WASHINGTON:  MJBA Women’s Alliance and Eden Labs team up for an exclusive evening with Ladybud Magazine publisher Diane Fornbacher and dynamic personal and business finance expert Debbie Whitlock next month in Seattle for “The Power to Lead.”

Get inspired to lead the way with other major women leaders in the cannabis industry, including mistress of ceremonies Shawn DeNae Waggenseller of Washington Bud Company, legal pioneer, Anne Van Leynseele of NW MJ Law, and other fierce females to be announced soon.

The Power to Lead
Thursday, November 6th, 5:30pm-9pm
Bellevue Red Lion

Corporate Members and VIP ticket holders are invited to a special VIP Meet & Greet Reception preceding the main event in the Evergreen Room at 4:20pm.

* * *

MJBA Women’s Alliance works collaboratively to enhance the growth and strength of our individual businesses and the collective development of the cannabis industry.

Privateer Holdings Closes $7 Million Funding Round

WASHINGTON: Privateer Holdings Inc., the cannabis industry’s first private equity firm, today announced the completion of its Series A funding round. The company raised an initial $7 million from high net worth individual investors and family offices, with a strategic plan to invest in companies in the cannabis space and build mainstream brands. The completion of this initial round of funding positions Privateer Holdings as the leader in the nascent cannabis industry. Leafly.com is its flagship acquisition. [Read more…]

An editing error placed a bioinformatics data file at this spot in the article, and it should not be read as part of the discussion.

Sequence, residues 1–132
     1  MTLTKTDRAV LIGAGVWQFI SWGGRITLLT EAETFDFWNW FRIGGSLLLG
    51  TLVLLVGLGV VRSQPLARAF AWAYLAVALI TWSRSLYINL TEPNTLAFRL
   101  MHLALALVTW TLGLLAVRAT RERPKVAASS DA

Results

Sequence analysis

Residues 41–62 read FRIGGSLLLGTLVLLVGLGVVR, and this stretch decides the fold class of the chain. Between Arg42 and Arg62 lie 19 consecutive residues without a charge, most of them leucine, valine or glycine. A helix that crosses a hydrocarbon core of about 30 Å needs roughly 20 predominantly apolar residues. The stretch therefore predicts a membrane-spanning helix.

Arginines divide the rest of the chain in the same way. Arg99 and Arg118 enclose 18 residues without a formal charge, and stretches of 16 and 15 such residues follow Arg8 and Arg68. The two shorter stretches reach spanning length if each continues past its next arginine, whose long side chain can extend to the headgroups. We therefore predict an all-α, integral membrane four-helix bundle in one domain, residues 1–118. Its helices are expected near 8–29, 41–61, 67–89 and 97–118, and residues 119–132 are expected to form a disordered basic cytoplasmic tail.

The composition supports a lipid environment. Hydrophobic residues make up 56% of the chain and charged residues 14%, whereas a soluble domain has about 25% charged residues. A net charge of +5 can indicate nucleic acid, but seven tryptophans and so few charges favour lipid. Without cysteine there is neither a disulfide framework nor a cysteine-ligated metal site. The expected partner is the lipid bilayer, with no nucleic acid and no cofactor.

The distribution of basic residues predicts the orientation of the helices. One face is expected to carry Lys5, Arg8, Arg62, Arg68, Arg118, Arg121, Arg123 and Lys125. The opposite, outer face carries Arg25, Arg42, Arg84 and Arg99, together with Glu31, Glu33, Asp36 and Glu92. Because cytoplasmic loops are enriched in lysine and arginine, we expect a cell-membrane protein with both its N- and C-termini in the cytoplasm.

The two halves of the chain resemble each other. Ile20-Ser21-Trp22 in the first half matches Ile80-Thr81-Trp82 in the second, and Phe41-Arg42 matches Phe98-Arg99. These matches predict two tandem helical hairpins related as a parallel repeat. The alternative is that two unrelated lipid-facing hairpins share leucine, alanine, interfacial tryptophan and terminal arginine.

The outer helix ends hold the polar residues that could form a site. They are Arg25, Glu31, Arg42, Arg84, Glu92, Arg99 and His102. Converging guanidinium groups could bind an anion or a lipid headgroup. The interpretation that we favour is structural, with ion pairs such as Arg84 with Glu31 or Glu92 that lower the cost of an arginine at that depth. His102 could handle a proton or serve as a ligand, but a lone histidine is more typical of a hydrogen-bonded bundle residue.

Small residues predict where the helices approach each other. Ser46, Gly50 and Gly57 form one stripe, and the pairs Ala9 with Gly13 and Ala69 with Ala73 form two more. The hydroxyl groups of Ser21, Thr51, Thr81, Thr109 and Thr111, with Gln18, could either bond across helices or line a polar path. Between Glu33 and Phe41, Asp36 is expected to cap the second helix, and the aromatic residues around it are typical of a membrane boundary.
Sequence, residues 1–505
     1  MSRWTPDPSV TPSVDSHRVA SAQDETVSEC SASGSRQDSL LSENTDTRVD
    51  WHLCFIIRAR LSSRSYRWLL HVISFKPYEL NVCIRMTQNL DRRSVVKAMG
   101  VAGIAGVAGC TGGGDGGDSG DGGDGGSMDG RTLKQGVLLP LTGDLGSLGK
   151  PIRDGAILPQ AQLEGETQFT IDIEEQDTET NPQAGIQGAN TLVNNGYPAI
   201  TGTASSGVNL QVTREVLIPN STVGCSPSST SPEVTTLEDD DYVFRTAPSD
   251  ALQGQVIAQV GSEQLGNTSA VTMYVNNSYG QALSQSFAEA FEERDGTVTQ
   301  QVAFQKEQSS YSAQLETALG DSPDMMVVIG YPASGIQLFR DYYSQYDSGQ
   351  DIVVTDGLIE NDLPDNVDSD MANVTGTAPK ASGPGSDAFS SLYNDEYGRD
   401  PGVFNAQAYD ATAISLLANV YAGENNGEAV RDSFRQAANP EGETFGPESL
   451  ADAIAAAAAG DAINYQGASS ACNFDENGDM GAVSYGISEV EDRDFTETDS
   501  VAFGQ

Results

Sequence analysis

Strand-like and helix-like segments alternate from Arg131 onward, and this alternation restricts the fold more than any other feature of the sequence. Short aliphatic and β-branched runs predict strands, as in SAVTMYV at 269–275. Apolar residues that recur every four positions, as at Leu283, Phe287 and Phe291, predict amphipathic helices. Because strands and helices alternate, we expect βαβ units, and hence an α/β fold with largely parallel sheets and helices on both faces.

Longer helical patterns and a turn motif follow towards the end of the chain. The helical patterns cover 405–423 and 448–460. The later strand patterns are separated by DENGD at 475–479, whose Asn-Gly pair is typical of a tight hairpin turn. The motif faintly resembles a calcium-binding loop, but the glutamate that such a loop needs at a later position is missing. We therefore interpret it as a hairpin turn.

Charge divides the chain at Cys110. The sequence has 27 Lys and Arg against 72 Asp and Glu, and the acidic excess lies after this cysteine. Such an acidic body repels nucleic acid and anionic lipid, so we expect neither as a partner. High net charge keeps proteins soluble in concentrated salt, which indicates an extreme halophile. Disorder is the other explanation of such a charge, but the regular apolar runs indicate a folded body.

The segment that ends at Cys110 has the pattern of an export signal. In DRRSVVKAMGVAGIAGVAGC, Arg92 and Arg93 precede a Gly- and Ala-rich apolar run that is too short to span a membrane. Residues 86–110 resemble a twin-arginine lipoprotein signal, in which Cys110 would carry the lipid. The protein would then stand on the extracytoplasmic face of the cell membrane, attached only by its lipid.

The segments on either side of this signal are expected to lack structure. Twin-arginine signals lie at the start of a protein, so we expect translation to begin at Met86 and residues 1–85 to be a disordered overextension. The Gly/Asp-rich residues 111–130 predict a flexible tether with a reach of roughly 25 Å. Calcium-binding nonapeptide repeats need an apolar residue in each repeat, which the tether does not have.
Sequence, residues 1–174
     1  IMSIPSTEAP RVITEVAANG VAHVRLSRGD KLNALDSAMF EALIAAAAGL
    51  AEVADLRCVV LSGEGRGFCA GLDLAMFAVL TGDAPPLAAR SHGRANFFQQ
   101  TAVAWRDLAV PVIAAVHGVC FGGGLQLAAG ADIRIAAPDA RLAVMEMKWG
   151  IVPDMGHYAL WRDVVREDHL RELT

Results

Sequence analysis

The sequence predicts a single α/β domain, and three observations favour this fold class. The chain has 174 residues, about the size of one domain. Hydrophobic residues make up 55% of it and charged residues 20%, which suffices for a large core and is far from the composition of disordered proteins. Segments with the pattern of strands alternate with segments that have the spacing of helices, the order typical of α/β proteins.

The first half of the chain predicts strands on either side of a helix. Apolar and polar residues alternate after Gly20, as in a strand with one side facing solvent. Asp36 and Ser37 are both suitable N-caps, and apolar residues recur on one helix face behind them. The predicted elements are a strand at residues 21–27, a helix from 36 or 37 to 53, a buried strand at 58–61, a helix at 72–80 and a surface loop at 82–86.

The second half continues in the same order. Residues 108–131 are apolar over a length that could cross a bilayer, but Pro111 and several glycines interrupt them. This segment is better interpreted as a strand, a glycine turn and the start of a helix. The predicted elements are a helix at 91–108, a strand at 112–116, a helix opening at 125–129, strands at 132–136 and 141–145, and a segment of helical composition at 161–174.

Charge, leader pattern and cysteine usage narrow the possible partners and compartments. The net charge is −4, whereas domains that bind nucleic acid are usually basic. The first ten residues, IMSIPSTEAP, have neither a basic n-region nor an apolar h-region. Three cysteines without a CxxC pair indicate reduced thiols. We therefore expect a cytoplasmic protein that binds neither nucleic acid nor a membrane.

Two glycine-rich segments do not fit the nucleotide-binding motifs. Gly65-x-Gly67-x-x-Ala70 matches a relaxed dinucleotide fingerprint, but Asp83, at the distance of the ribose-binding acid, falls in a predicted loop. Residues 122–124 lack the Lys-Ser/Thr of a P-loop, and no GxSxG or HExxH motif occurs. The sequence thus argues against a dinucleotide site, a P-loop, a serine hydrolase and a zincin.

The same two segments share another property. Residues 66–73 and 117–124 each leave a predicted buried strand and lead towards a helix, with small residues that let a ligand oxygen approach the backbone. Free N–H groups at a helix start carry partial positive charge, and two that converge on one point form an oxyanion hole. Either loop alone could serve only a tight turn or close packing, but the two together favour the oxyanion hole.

Privateer Holdings Closes $7 Million Funding Round

WASHINGTON: Privateer Holdings Inc., the cannabis industry’s first private equity firm, today announced the completion of its Series A funding round. The company raised an initial $7 million from high net worth individual investors and family offices, with a strategic plan to invest in companies in the cannabis space and build mainstream brands. The completion of this initial round of funding positions Privateer Holdings as the leader in the nascent cannabis industry. Leafly.com is its flagship acquisition. [Read more…]